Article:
U.S. Envoy for Syria in Turkey for Talks
The U.S. envoy for Syria was in Ankara on Tuesday to discuss the latest developments in the war-torn country with Turkish officials as an offensive against rebel-held Idlib appeared imminent.
Turkish Defense Minister Hulusi Akar discussed the Syrian war with James Jeffrey, the U.S. special representative for Syria engagement, the Turkish defense ministry said in a statement, but gave no further details about the content of the meeting.
The two men also discussed Kurdish militants in the region, the ministry added.
Akar and Jeffrey met as Russian warplanes battered Syria's rebel-controlled Idlib for the first time in three weeks as expectations grow over a regime offensive.
Turkish Foreign Minister Mevlut Cavusoglu had said on Monday that the two would discuss Idlib.
Ankara has kept a close eye on the possibility of the Idlib offensive.
Cavusoglu warned Russia last month that seeking a military solution in Idlib would cause a "catastrophe" and trigger a new flow of refugees across Turkey's borders.
The presidents of Turkey, Russia and Iran are due to meet in Tehran on Friday for a tripartite summit likely to focus on Idlib.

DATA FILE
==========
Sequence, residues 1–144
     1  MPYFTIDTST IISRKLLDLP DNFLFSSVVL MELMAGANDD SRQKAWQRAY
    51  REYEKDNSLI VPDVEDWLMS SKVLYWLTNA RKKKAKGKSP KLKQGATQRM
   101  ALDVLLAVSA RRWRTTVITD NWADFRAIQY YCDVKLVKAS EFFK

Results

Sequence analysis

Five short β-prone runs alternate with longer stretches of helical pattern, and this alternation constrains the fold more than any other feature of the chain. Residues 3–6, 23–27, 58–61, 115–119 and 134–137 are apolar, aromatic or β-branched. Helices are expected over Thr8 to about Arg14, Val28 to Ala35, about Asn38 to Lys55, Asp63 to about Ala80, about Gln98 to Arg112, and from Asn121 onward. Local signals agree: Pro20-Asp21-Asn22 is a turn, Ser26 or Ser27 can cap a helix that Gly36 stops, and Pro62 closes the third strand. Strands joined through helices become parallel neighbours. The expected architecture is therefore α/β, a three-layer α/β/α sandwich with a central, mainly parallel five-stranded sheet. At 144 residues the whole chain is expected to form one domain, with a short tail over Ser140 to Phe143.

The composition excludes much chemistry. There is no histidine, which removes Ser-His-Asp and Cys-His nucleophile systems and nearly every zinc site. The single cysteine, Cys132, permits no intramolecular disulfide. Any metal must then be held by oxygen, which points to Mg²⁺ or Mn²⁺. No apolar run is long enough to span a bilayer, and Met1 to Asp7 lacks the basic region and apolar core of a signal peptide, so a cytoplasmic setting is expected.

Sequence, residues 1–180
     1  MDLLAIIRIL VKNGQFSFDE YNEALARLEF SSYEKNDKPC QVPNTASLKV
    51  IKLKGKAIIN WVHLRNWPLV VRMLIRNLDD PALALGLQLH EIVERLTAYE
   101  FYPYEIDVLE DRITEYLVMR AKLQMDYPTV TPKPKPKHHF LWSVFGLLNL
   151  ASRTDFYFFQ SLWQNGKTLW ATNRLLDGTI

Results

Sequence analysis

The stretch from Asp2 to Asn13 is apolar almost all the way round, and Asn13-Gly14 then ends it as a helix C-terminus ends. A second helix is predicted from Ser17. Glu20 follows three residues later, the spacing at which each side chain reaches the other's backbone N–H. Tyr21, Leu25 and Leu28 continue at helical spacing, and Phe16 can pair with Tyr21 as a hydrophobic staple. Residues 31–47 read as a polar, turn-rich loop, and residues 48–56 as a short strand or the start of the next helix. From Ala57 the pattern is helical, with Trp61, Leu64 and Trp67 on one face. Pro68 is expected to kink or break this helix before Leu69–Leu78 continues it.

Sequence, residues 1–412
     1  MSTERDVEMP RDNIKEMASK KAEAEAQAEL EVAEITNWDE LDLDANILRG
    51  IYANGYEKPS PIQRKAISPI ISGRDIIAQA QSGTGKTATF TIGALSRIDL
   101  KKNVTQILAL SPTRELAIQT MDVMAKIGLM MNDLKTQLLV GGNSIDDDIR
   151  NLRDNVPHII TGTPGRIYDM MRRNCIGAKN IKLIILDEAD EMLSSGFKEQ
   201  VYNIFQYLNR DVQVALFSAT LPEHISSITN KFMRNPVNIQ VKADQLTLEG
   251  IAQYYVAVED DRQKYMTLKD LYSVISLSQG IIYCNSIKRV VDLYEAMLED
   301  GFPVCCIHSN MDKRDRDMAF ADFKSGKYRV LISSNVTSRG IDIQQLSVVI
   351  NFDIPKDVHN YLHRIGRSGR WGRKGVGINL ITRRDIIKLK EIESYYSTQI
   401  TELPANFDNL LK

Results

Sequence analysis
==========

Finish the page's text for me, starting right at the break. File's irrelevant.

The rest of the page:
Although Ankara has repeatedly called for Syrian President Bashar al-Assad to be ousted, Turkey has been working closely with regime allies Russia and Iran to end the conflict.
Meanwhile, Turkish and Russian officials have held several rounds of talks hoping to avert an assault on Idlib.
Jeffrey's visit comes after a bitter spat last month between Ankara and Washington over the detention of an American pastor.
But relations have also been strained over U.S. support for a Kurdish militia in Syria viewed as terrorists by Turkey.
The defense ministry said that, in their meeting, Akar and Jeffrey also discussed Ankara's "discomfort" with the presence of the Kurdish Democratic Union Party (PYD) and its People's Protection Units (YPG) militia.
Ankara says the PYD and YPG are "terrorist" offshoots of the outlawed Kurdistan Workers' Party (PKK) which has waged an insurgency inside Turkey since 1984.
The PKK is blacklisted as a terror group by Ankara, the U.S. and the European Union.
"It was stated that it was necessary for the separatist terrorist organization to leave the region completely," the defense ministry said, referring to the PKK.
The trip to Ankara is the first by Jeffrey, a former U.S. ambassador to Turkey, and comes after he visited Jordan and Israel at the weekend, where he met Israeli Prime Minister Benjamin Netanyahu.